(CHICAGO) — Three years ago, a 26-year-old postal worker who was eagerly expecting her first child mysteriously disappeared in her own neighborhood.
There’s still no resolution, leaving her heartbroken mother desperate to know if her daughter is even alive or dead.
Kierra Coles was about three months pregnant when she vanished on Oct. 2, 2018, on Chicago’s South Side. Her car was found in front of her apartment with her phone and packed lunch still inside.
The Chicago Police Department considers the case “a high-risk missing person investigation with potential foul play suspected.”
For Coles’ mother, Karen Phillips, having no answers is torturous.
Phillips said police have not provided any information whenever she’s called over the last year.
“I could never reach nobody. They’re gone to lunch, they’ll call me back, they’re out of the office. It’s always something,” she told ABC News last week. “They don’t even reach out and say, ‘Well, Ms. Phillips, we’re still going through this’ … or, ‘We don’t have any new leads.’ Just say something.”
The Chicago police didn’t respond to Phillips’ claim that they ignored her calls, but in a statement to ABC News the police department said it urges “anybody with knowledge of her last whereabouts … to contact the Chicago Police Department.”
“We are seeking any and all information in an attempt to locate her and we won’t stop until we do,” police said.
For Phillips, the loss is “unbearable.”
“I went from seeing my child every day — if not seeing her, at least talking to her every day — to not seeing her in three years,” Phillips said. “I try to stay strong for the other kids, I try to not really break down in front of them. But we talk about her all the time, we got pictures everywhere. We just really want her home.”
Coles’ siblings range in age from 35 to 24. Coles, a devoted aunt to her nieces and nephews, was the last of Phillips’ children to have a baby.
Phillips said she misses the grandchild she never got a chance to meet.
“I miss him — he or she — even though they wasn’t born yet. I just miss him because she would’ve been a great mother,” she said. “For her to be a mother, we were so excited. … That was the last thing she was waiting for.”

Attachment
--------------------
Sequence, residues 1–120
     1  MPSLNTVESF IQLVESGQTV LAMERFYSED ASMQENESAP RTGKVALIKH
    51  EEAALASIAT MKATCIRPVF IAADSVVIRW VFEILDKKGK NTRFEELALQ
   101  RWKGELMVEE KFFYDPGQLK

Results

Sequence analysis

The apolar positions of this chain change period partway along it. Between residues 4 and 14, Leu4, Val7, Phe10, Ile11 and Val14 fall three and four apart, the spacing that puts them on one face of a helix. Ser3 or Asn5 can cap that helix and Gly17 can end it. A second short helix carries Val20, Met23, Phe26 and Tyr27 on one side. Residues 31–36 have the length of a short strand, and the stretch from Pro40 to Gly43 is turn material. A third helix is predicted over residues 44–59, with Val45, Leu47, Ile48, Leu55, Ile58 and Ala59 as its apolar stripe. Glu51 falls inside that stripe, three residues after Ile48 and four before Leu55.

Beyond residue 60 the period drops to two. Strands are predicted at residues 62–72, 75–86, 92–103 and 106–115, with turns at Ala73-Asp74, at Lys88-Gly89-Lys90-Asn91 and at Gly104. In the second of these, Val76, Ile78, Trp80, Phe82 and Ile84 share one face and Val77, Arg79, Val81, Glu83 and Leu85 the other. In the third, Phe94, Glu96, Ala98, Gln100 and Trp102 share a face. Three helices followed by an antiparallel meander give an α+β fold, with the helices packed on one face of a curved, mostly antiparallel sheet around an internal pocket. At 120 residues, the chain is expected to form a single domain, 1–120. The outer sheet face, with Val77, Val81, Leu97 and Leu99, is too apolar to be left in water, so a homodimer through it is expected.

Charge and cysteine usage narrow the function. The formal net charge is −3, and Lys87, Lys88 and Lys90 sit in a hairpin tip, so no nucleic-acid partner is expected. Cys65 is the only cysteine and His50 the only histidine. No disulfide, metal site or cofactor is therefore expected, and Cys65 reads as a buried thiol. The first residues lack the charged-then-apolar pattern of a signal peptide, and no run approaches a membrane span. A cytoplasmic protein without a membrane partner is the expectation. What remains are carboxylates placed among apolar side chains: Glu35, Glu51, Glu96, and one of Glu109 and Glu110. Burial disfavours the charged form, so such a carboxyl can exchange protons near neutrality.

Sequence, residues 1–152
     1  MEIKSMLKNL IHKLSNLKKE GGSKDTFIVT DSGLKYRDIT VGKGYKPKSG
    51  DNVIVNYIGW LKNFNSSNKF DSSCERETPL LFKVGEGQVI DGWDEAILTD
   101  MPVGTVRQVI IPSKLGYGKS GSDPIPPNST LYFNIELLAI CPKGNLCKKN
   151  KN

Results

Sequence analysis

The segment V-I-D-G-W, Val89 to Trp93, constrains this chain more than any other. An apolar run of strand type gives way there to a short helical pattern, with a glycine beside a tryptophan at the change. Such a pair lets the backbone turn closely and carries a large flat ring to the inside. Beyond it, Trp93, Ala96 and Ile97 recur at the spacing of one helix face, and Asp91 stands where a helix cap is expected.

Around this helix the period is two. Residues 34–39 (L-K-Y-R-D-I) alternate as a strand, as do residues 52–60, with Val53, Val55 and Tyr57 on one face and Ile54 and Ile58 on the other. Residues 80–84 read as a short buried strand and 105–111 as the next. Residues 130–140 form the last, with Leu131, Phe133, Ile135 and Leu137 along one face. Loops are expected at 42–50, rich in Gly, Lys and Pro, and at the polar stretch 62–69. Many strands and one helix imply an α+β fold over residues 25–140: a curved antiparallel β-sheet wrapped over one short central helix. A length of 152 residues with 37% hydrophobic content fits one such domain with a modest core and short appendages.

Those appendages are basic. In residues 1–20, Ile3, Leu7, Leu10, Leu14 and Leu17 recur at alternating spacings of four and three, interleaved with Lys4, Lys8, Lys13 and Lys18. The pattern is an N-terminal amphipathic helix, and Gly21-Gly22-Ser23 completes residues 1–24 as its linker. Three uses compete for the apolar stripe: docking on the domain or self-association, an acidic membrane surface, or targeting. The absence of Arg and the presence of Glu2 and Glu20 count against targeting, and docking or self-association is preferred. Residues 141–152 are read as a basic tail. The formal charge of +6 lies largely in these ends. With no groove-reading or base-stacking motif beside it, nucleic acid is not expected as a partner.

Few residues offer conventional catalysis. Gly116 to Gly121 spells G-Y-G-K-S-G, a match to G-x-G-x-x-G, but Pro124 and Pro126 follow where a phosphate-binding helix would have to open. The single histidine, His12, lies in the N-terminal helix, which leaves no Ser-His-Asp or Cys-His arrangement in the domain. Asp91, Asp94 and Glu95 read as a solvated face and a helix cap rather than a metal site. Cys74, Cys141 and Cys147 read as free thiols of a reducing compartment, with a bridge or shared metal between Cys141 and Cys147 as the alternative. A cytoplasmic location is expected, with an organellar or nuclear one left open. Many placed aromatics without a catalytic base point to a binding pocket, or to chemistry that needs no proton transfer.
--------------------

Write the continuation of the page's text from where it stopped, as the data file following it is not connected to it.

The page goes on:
Coles had a plan for her life and so far “everything was going according to plan,” her mother said.
Coles first wanted a good job, and after years with the post office she had saved for a car and a home. Then, she and her boyfriend decided they were ready for a baby, Phillips said.
For her to vanish “out of the blue,” she said, “I can’t understand it.”
The United States Postal Inspection Service and the FBI are both working with the Chicago police on the case.
“Since October 2018, Postal Inspectors have tracked down and vetted nearly 400 leads across the country. The U.S. Postal Inspection Service distributed thousands of reward flyers,” the Postal Inspection Service said.
“Kierra Coles is a member of our Postal family and we will continue looking for her and following up on all leads,” the agency continued. “If you know something, no matter how trivial it may seem, please come forward as it may be crucial to our investigation. Please contact the U.S. Postal Inspection Service hotline at (877) 876-2455 and reference case number 2693502.”
Some days Phillips said she “really can’t function because my mind just, you know, keeps wondering — where’s my child? Is she being harmed? Is she dead or alive?”
“It’s hard waking up every day wondering,” she said. “I just want somebody to come forward and say what happened.”
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